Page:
In Why The Monkees Matter I discuss the work of several of these folks and how it contributed to the magic of The Monkees.
#14 is of particular interest as property master Jack Williams actually appeared on the program and was referenced in a couple of episodes. And many of these folks were invited in front of the camera in the Tag for the Christmas episode, reminding the audience of their contributions.
The pity is that, since writers work in offices elsewhere on the lot, they often don’t appear in such photos – as has happened here.
Mr. Evans remembered being asked by Davy’s manager, Ward Sylvester, to write something that would highlight Davy’s ability with horses and hence this episode was born. Mr. Evans also remembered being asked by Bob Rafaelson to be on set for rewrites as needed, which gave him the chance to get to know the actors early on – an opportunity not all the other writers shared. After his two-season, nine episode run on the show he moved on to Laugh-in and Love, American Style, but told me no other job ever gave him the pleasure The Monkees did, so he eventually quit writing and went into conflict resolution, where he won awards for his ability to bring deeply distant parties together in compromise.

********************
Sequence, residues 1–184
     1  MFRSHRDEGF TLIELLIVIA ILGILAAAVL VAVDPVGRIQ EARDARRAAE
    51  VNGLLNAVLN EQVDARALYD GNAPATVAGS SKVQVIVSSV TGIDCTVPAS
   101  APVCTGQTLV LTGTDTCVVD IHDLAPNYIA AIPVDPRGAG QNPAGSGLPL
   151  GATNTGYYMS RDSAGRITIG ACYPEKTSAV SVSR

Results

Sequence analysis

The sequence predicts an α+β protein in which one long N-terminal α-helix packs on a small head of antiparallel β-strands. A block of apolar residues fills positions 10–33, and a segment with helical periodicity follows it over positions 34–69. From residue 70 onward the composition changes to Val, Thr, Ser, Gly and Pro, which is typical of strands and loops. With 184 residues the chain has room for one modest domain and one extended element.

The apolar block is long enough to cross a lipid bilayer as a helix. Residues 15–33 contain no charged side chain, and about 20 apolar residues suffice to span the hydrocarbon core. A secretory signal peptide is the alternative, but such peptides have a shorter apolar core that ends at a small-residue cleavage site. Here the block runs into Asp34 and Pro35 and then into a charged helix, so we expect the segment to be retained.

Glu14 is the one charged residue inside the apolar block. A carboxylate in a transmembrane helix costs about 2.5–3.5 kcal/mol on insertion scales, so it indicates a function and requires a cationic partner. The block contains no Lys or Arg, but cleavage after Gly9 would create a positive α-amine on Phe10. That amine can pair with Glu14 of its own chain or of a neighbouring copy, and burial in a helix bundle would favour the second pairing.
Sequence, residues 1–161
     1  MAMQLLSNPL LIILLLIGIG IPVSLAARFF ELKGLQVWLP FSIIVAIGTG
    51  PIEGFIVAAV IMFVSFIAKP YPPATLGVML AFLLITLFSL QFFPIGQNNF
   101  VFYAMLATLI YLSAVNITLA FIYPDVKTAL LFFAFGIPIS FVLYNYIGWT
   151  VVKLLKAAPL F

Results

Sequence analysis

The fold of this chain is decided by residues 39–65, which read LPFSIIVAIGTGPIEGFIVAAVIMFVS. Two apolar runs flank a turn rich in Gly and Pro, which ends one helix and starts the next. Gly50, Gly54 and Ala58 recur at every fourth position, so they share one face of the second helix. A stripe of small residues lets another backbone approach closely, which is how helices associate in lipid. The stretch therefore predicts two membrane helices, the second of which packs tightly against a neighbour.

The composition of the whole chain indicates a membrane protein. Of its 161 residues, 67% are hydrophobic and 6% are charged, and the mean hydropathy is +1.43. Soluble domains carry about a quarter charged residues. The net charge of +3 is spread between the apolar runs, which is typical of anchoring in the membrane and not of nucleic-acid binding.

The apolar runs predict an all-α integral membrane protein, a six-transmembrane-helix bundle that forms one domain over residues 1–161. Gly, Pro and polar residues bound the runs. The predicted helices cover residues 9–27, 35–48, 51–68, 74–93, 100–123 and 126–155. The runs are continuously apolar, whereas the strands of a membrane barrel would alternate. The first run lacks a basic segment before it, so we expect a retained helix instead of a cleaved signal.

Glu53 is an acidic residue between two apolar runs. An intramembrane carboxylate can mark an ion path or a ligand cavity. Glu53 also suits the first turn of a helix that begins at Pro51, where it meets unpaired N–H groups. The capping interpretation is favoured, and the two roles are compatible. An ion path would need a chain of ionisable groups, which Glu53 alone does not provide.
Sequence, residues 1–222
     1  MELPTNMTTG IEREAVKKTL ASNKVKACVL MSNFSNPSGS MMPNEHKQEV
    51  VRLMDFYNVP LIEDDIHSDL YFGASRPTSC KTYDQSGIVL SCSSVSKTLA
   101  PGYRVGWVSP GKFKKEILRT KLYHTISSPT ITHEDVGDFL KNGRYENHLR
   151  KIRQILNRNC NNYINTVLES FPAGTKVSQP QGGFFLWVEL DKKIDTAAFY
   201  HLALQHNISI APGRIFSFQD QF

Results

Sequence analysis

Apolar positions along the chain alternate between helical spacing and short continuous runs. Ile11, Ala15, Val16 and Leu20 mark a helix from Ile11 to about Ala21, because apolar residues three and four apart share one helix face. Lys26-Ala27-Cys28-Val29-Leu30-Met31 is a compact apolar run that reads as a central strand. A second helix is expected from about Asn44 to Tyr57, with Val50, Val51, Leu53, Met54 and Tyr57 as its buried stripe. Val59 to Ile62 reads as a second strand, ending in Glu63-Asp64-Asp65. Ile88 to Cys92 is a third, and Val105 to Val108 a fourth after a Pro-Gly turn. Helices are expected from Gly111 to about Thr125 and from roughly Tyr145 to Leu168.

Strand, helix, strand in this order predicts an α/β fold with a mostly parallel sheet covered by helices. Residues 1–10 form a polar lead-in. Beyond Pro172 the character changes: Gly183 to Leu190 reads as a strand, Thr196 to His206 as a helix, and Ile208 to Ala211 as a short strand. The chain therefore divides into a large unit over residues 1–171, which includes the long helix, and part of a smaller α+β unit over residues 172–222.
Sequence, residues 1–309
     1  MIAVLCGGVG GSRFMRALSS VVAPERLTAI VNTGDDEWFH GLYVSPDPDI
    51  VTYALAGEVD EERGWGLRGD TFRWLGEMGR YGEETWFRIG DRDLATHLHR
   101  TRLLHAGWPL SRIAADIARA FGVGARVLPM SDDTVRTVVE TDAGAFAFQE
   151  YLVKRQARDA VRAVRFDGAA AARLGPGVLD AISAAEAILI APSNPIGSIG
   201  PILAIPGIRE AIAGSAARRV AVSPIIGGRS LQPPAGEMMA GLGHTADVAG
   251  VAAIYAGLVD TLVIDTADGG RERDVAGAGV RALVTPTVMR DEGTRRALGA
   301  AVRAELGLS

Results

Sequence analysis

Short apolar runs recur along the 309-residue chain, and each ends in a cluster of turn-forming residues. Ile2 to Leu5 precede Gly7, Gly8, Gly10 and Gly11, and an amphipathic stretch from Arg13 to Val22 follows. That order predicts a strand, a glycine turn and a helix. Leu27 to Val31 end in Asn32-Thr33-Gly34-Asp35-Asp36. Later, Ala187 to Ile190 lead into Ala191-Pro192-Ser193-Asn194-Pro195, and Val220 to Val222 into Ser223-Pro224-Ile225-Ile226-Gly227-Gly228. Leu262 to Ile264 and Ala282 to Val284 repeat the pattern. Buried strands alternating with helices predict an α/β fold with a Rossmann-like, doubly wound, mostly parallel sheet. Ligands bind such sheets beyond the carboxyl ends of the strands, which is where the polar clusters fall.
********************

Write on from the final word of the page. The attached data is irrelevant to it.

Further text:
A 2014 article in the Los Angeles Times tells you all you need to know about him:
After the 1992 Los Angeles Riots Evans, the son of a minister, was a member of an all white Presbyterian church that created a cross town friendship with an all black Presbyterian church. Members of each began to visit the other church to create community. Twenty years later, Evans is the only member of his church still visiting the other church.
So Rory is a reflection of modern day fathers and what women are looking for ina modern man, if they’re going to spend the rest of their life. You want somebody else who’s going to help you clean the toilet. Right? When you get married, it’s not just you cooking dinner every night. It’s a shared job. It didn’t use to be. I had a friend who would go to work, her husband got home an hour before she did. He would sit on the couch and wait for her to get home and start making dinner, ’cause dinner was her job. Yeah, yeah. So things have switched around and the show is reflective of that. I think that’s really beautiful. And, of course, we know who the baby grew up to be. River Song! Who allows us a family of “Ponds”, even though they were stripped of the chance to raise her. We now have a Pond family as part of The Doctor’s story and again Rory overlooking all of that. He had to deal with his feelings of losing his chance to raise his child. That was something that harmed him, more than all the danger. How many times did Rory die. Really now. All those deaths didn’t bother him nearly as much as being denied the chance to raise his own child. So, I think that defines him much more deeply as a family man above all other things.
A clip from this 5th talk on various aspects of Doctor Who presented by Dr. Welch. You can find Dr. Welch’s other Doctor Who talks using the links below.